4. Lastly, it’s imperative for leaders to create a culture of trust. Start by equipping your managers with skills and training so they can better support their employees – people can be trained in emotional intelligence and can also learn to become better listeners. Leaders who are good at cultivating trust and expressing compassion for their employees will stand out. By no means are leaders expected to play the role of a clinician, but simply listening to and proactively supporting their staff can make all the difference.

To take a deeper dive into this concept, check out Michelle’s blog post, “Best Practices in the Workplace.” These tools can be made available to both in-office and remote employees looking for support. It falls on company leadership to ensure that their employees feel comfortable seeking the help they need, which benefits not only the individual, but the entire organization. According to Harvard Business Review, a mental state as common as stress can have an enormous impact on the company as a whole. “Stress makes people nearly three times as likely to leave their jobs, temporarily impairs strategic thinking, and dulls creative abilities. Burnout, then, is a threat to your bottom line, one that costs the U.S. more than $300 billion a year in absenteeism, turnover, diminished productivity, and medical, legal, and insurance costs,” (HBR). Therefore, developing a culture of compassion and acceptance contributes to engaged employees who are likely to be more productive and loyal to your organization.

As we work towards a time where mental health is perceived as an integral part of overall health, make sure your organization is doing its part. Since the workplace is where people spend major portions of their time and energy during the week, this is a critical step to enhanced employee wellbeing. We need to start thinking about the employee that feels the need to put on their “game face” when they go to work in order to hide their invisible illness. People with mental disabilities should receive the same level of support and accommodations as physically disabled colleagues. Furthermore, when we consider the topic of diversity and inclusion in the workplace, employees with mental illness should be a part of that conversation.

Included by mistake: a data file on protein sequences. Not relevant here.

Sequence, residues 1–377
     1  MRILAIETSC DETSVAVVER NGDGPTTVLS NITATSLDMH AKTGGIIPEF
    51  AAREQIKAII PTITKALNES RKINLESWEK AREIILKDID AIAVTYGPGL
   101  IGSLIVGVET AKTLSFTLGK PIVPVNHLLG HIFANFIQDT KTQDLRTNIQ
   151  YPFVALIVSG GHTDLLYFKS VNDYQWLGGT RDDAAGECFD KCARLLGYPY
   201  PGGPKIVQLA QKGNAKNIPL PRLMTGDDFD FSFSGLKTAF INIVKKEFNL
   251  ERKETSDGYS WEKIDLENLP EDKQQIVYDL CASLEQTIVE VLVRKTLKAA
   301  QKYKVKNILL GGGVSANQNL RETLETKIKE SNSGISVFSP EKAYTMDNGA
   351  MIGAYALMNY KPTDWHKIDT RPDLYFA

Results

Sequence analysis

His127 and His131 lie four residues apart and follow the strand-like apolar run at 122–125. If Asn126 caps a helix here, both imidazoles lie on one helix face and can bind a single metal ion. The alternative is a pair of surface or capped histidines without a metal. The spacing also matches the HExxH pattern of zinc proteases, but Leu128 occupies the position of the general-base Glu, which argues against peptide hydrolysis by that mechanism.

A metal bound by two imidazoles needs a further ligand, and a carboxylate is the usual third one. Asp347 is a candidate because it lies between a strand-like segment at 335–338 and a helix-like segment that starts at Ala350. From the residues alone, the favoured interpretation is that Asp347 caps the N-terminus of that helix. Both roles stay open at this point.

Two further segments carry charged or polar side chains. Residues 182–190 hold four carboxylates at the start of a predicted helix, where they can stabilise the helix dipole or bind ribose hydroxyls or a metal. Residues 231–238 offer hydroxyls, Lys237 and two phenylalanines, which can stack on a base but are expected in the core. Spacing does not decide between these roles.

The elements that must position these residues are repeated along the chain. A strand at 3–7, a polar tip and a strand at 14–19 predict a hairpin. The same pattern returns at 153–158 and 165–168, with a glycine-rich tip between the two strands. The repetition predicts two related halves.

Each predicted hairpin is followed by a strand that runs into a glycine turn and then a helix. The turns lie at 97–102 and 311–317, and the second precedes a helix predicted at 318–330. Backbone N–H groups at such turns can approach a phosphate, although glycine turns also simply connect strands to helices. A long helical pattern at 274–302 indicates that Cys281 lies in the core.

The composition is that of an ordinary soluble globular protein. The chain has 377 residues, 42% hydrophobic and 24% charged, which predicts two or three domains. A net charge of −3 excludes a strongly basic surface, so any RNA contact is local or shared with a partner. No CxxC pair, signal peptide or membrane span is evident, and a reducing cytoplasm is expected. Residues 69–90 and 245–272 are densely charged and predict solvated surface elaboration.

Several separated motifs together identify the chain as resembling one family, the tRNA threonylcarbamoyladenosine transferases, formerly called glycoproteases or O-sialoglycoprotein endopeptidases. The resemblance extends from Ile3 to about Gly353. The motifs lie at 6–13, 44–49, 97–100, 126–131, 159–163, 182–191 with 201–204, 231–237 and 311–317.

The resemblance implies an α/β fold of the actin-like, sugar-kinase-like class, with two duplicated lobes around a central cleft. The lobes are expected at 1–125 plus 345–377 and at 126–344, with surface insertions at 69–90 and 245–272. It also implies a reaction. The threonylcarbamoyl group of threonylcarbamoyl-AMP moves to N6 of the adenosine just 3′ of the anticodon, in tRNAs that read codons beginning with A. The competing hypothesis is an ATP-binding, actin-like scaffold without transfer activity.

Over the past several months of the pandemic, Michelle has been delivering her Protecting Our Happy – Resilience Webinar to companies who are looking to help their employees stay empowered and engaged while being quarantined at home. The webinar has been very well-received, so, last week, I decided to attend one of Michelle’s sessions and see what it had to offer. I found the session to be very interactive and her insights to be useful and instructive. From that program, Michelle shares three simple tips you can follow to re-energize your home office space by playing to your senses.

  1. Change what you see every day: Find a photo or a painting you love to look at and add it to your workspace.
  2. Change what you hear every day: Play relaxing or rejuvenating music to help elevate your mood.
  3. Change what you smell every day: Add a candle or an infuser to your workspace to help boost your energy.

These three things can help improve your attitude and the atmosphere in which you work all day. According to the Washington Post, the coronavirus pandemic will push America into a mental health crisis, with anxiety and depression on the rise. We can and should be doing more for our workforce to help them during and after these tough times.

What mental health policies have you seen implemented in the workplace? Let us know!

 

Feel free to contact Michelle to learn more about her next Resilience Webinar, she’d love to hear from you!

Looking for HR or culture-building leaders to help push this initiative? Contact Ashton Tweed today.

Share your insights! Contact khoffman@ashtontweed.com to contribute your life sciences article as a guest writer.